Claspin was discovered as a Chk1-interacting protein necessary for Chk1 phosphorylation and activation by the upstream kinase, ATR, in response to DNA synthesis inhibition in Xenopus oocyte extracts. Subsequent investigations have defined a molecular model in which Claspin acts as an adaptor or scaffold protein to facilitate activation of Chk1 by ATR within a multiprotein complex that forms on single-stranded DNA at stalled replication forks and sites of DNA damage. Interestingly, Claspin is an unstable protein whose degradation via the proteasome is tightly regulated via ubiquitination and controlled by multiple ubiquitin ligases and deubiquitinases. As a result, Claspin levels fluctuate during the cell cycle, contributing to the regulation of checkpoint proficiency and playing a key role in terminating checkpoint-mediated cell cycle arrest. In addition to its role in signalling genotoxic stress, Claspin is required to maintain normal rates of replication fork progression during unperturbed DNA replication and may contribute to the regulation of replication origin firing. Consistent with this, Claspin can bind directly to DNA, with particular affinity for branched or forked molecules, and it interacts with multiple protein components of the replisome. As expected for a protein with key roles in checkpoint signalling and genome duplication, aberrations of Claspin expression and structure have been observed in cancer. Claspin is furthermore targeted to facilitate viral replication and plays a role in suppressing cellular DNA synthesis in response to nongenotoxic endoplasmic reticulum stress. Here, we review the functions and regulation of Claspin with a focus on areas of active research.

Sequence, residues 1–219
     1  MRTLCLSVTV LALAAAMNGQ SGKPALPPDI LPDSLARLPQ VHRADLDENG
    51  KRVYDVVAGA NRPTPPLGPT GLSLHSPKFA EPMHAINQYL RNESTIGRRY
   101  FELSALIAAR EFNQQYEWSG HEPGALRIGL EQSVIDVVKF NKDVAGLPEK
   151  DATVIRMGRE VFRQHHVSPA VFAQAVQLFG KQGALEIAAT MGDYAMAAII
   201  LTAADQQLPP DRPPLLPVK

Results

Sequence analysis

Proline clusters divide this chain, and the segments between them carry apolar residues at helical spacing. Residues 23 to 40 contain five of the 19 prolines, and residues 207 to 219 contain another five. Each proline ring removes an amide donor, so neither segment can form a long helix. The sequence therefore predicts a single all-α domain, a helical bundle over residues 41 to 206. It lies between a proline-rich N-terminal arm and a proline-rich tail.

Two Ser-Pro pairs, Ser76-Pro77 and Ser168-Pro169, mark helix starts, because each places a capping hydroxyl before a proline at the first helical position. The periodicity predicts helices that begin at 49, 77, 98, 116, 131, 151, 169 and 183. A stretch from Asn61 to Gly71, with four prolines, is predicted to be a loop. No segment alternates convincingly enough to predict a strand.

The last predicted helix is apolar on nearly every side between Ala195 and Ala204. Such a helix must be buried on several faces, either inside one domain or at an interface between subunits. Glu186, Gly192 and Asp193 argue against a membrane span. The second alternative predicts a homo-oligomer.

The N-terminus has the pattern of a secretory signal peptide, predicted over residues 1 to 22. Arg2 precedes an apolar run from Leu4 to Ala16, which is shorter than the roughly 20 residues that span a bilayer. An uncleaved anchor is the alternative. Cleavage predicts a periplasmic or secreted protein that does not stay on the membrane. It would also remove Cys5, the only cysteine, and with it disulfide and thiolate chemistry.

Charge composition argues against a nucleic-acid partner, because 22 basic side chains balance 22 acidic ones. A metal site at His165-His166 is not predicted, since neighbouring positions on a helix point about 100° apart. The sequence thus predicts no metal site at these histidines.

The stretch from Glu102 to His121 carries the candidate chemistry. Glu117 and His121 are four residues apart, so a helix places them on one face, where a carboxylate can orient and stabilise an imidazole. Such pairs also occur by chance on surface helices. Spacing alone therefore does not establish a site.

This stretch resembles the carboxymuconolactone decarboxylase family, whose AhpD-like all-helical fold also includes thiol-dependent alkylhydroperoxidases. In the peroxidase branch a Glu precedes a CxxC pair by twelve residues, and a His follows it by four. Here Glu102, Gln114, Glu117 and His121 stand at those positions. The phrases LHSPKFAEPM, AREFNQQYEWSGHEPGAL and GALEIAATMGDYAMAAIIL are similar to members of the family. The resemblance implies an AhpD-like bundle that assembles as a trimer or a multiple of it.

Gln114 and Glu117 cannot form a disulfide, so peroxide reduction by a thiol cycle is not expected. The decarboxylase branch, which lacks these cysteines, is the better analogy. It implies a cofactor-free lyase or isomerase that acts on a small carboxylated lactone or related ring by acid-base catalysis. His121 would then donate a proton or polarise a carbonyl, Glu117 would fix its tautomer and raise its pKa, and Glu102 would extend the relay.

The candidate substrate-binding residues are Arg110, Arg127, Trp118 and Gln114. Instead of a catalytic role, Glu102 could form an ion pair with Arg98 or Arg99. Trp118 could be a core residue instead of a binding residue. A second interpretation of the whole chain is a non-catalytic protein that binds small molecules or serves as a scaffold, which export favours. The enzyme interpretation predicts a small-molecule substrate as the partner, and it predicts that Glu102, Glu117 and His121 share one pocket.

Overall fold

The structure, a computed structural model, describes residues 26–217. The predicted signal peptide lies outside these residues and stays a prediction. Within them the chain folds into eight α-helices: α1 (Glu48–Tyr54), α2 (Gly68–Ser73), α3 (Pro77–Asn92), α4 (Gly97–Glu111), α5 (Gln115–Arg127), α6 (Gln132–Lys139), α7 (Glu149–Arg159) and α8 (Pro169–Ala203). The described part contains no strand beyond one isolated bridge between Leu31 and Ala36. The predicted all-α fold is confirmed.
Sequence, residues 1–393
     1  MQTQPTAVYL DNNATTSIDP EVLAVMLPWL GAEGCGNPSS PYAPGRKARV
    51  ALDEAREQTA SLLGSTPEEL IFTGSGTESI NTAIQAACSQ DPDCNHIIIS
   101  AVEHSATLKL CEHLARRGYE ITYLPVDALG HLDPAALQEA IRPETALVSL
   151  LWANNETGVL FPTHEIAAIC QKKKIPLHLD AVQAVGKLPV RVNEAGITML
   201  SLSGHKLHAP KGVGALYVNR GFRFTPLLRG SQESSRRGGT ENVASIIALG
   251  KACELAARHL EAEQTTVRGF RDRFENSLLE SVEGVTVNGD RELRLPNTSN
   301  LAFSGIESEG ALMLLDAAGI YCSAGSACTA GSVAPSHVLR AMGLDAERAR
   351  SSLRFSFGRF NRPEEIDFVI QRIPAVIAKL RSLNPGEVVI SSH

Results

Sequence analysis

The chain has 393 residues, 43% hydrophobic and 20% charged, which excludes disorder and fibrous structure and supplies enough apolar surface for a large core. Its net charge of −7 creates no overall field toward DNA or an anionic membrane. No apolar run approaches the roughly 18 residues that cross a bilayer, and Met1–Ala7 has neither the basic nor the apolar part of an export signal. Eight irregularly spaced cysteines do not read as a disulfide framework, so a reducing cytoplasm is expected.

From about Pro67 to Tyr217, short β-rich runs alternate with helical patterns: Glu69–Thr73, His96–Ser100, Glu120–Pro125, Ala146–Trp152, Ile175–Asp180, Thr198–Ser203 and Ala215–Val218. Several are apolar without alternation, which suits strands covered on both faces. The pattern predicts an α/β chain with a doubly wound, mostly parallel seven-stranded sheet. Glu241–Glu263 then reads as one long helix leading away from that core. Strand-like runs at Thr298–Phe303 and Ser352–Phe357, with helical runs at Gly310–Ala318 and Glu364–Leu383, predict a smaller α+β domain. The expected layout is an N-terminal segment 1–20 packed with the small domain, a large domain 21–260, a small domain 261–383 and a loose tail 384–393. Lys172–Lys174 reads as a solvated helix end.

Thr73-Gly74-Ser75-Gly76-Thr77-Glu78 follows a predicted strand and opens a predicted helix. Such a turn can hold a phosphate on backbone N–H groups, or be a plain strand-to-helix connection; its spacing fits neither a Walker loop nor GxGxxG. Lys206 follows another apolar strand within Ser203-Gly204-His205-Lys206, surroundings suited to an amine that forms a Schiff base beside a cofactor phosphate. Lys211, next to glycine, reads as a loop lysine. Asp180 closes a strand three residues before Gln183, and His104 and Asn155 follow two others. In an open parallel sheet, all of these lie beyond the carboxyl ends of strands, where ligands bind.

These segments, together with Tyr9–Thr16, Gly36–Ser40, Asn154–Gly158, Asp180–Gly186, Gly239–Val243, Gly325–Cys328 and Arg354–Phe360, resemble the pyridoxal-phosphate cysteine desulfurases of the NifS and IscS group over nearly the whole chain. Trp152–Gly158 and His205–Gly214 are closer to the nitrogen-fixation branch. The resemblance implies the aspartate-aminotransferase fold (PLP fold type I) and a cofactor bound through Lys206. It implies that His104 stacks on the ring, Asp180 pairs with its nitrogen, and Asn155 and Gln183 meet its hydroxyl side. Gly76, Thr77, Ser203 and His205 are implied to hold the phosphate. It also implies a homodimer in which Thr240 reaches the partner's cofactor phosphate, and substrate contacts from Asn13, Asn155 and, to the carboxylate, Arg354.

Keywords: Chk1; Claspin; cancer; checkpoint activation; genome stability; proteasome; ubiquitination.
© 2018 Federation of European Biochemical Societies.